11/28/2014 08:36 EST | Updated 01/28/2015 05:59 EST

Let's Ban Ticket Resale Sites


When you try to buy a concert or sporting event ticket, you're not competing against fellow fans refreshing their browsers. You're competing against the software and buying teams of international corporations and professional ticket flipping organizations.

You know when a show's on-sale date is, you might even have a pre-sale code for it, but that's not going to make a difference. When a ticket is hot, international speculators will sweep in, get them before you, and resell them on websites such as StubHub (owned by eBay) and TicketsNow (owned by Live Nation/Ticketmaster). And of course there's not been a shortage of incidents where concert promoters and primary ticket sellers have been caught red handed placing seats directly onto these resale sites.

This week I was trying to get a ticket for the newly reunited British shoegaze band Ride's Toronto date (their manager released my group the Flowers Of Hell's earliest singles, so it's a show I feel indebted to attend.) The pre-sale seats went in a flash and two days before the actual general sale to the public, there were $35 face value tickets up on StubHub with prices set at over $2000. Those are mark up dollars that the band won't see any of. They're mark up dollars that won't go back into the music industry.

At 10 a.m. on the dot on the morning the general sale began, I clicked refresh and all that was available to purchase were five seats in the balcony. Some folks I know didn't even get that, it was just instantly sold out for them. Throughout the day, more and more tickets appeared on Stubhub with the lowest priced ones being at least double the face value.

This shit ain't right. Sure there's always been local scalpers buying tickets and flipping them, but the internet has transformed scalping from an activity of local hustlers to one of trans-national Wall Street traded businesses. In fact back in 2011 Forbes pegged the ticket re-sale market as being worth USD$325 million , with $80 million of that being profits.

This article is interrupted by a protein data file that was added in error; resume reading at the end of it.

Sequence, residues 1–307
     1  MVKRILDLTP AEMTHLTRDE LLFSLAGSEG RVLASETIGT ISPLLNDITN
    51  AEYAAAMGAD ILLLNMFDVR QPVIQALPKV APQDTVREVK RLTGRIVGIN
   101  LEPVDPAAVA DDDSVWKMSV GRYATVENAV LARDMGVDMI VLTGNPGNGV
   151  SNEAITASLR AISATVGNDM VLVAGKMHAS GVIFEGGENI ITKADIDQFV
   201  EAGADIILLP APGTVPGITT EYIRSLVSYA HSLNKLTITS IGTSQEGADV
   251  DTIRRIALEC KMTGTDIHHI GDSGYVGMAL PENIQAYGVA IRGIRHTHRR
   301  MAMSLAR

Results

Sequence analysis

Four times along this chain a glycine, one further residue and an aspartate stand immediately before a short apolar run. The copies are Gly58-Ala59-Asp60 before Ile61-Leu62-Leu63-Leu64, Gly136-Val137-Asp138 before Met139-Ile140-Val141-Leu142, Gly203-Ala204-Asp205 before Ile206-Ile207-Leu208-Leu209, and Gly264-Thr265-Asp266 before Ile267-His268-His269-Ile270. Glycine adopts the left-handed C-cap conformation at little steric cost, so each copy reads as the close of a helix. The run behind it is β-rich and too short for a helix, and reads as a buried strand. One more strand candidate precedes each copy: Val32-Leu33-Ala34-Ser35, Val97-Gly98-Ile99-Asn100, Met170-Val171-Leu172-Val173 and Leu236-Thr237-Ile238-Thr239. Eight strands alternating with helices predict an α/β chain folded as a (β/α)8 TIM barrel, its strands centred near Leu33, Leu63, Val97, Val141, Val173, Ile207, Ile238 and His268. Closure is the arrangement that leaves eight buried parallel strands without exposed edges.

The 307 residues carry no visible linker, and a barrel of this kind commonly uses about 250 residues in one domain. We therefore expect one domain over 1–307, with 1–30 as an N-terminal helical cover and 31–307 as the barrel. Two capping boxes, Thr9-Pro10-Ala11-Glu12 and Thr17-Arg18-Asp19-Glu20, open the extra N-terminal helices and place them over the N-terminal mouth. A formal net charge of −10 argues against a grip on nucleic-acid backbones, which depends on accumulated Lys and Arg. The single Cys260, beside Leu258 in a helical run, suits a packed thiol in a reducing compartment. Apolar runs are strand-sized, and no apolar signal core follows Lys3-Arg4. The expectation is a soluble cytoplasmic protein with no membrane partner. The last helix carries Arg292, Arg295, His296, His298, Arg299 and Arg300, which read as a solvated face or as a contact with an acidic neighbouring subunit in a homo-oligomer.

There is only one solution that works to protect people against the businesses that are out to gouge them for a buck: pass legislation that prohibits a mark-up on re-sold event tickets. Can't go to the show? Return your ticket to TicketBastard and let them re-sell it at the same price to someone else.

Under Ontario's existing Ticket Speculation Act, re-selling tickets above face value is actually punishable by a fine of up to $5000 for an individual and up to $50,000 for a corporation. Yeah it's illegal, who knew? Apparently file sharing is too.

If your MP, MPP, and councilor are truly your representatives and not puppets of industry, they should be fighting for your interests. But they're not. They're being lobbied by foreign businesses who are telling them that online ticket resale sites prevent fraud. And so Ontario is actually seeking to change the Ticket Speculation Act to give an even greater go ahead to these foreign online businesses!

Without legislation that protects the interests of concert and sports goers, soon you will NEVER get a ticket when they first go on sale! Until December 8, the provincial government is in the process of soliciting feedback from the public -- if you fancy giving them an earful, they're inviting people to comment on the matter.

Sure, there'll be people who cry out that any legislation which interferes with the prices of the free market and prevents flipping tickets for a buck is anti-capitalist. But what's wrong with doing something anti-capitalist if it enhances citizens' enjoyment of music and sport? Both existed before capitalism was invented, and they'll exist long after it. They are part of humanity; the economy isn't.

Besides that, the live event industry isn't even an example of free market capitalism -- it's largely a monopoly controlled by Live Nation. And in this new era of monopolies and oligopolies, a revamped political approach is needed. The 18th-century free market capitalist vision of Adam Smith was based on competitive markets that no longer exist, yet our governments go on pretending that nothing has changed.

There is more to life than the economy and it's time for politicians to get on with representing the interests of the people. And if you've got a ticket to Ride, lemme know if you can't go.